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Publication numberUS2758042 A
Publication typeGrant
Publication dateAug 7, 1956
Filing dateDec 9, 1952
Priority dateDec 9, 1952
Publication numberUS 2758042 A, US 2758042A, US-A-2758042, US2758042 A, US2758042A
InventorsFusca Emil A, Raymond Richard F
Original AssigneePittsburgh Plate Glass Co
Export CitationBiBTeX, EndNote, RefMan
External Links: USPTO, USPTO Assignment, Espacenet
Safety glass construction
US 2758042 A
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Description  (OCR text may contain errors)

Aug- 7 1956 R. F. RAYMOND ET AL 2,758,042

SAFETY GLASS CONSTRUCTION Filed Dec. 9. 1952 JNVENTOR. [n1/L A. rasca @Q ,wc/mea n @Anno/va United States Patent O SAFETY GLASS CONSTRUCTION Richard F. Raymond, Saxouburg, and Emil A. Fusca,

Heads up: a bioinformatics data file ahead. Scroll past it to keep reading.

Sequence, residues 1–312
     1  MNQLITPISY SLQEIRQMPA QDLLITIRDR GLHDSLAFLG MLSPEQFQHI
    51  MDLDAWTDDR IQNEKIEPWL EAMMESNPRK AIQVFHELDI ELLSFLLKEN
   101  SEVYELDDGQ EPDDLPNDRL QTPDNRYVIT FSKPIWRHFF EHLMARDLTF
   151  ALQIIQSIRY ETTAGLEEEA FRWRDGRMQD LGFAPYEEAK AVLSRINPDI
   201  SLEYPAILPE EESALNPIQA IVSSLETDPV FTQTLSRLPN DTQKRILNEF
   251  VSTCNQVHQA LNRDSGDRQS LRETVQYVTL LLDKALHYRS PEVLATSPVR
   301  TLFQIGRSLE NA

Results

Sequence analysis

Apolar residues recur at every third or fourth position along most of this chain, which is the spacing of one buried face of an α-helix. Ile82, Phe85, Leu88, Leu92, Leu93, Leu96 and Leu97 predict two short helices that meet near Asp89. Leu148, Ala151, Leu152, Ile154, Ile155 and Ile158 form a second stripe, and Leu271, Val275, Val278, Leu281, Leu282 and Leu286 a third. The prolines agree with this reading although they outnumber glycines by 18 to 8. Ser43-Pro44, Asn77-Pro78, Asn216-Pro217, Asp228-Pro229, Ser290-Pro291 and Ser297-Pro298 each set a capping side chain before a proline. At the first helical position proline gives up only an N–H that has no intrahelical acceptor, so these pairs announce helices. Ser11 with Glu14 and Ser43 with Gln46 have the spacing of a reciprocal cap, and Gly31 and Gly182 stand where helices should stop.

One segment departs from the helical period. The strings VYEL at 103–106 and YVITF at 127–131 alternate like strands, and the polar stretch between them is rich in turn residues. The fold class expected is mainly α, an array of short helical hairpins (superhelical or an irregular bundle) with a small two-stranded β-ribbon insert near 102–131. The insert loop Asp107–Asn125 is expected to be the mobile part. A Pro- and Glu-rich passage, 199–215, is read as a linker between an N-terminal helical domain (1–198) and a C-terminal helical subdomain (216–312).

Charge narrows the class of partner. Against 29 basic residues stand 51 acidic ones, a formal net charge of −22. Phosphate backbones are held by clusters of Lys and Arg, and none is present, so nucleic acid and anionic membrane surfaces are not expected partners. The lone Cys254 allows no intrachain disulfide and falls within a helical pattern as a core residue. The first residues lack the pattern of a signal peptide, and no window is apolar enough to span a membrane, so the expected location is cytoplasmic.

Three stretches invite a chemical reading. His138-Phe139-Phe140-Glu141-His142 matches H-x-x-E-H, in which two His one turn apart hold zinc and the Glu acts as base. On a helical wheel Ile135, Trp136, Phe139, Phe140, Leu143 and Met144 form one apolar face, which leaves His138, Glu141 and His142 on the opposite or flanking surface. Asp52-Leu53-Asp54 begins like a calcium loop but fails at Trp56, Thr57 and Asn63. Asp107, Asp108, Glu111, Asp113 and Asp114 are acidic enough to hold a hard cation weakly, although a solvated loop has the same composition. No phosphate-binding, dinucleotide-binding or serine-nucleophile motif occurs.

Pittsburgh, Pa., assignors to Pittsburgh Plate Glass Com- Dany Application December 9, 1952, Serial No. 324,882

Claims. (Cl. 154-2.71)

This invention relates to an improved safety glass assembly comprising a plurality of glass sheets bonded on opposite sides of a plastic interlayer and particularly, one in which provision is made for the prevention of chipping of the glass surfaces adjacent the interlayer due to the relatively high rate of contraction of the plastic interlayer compared with that of the glass.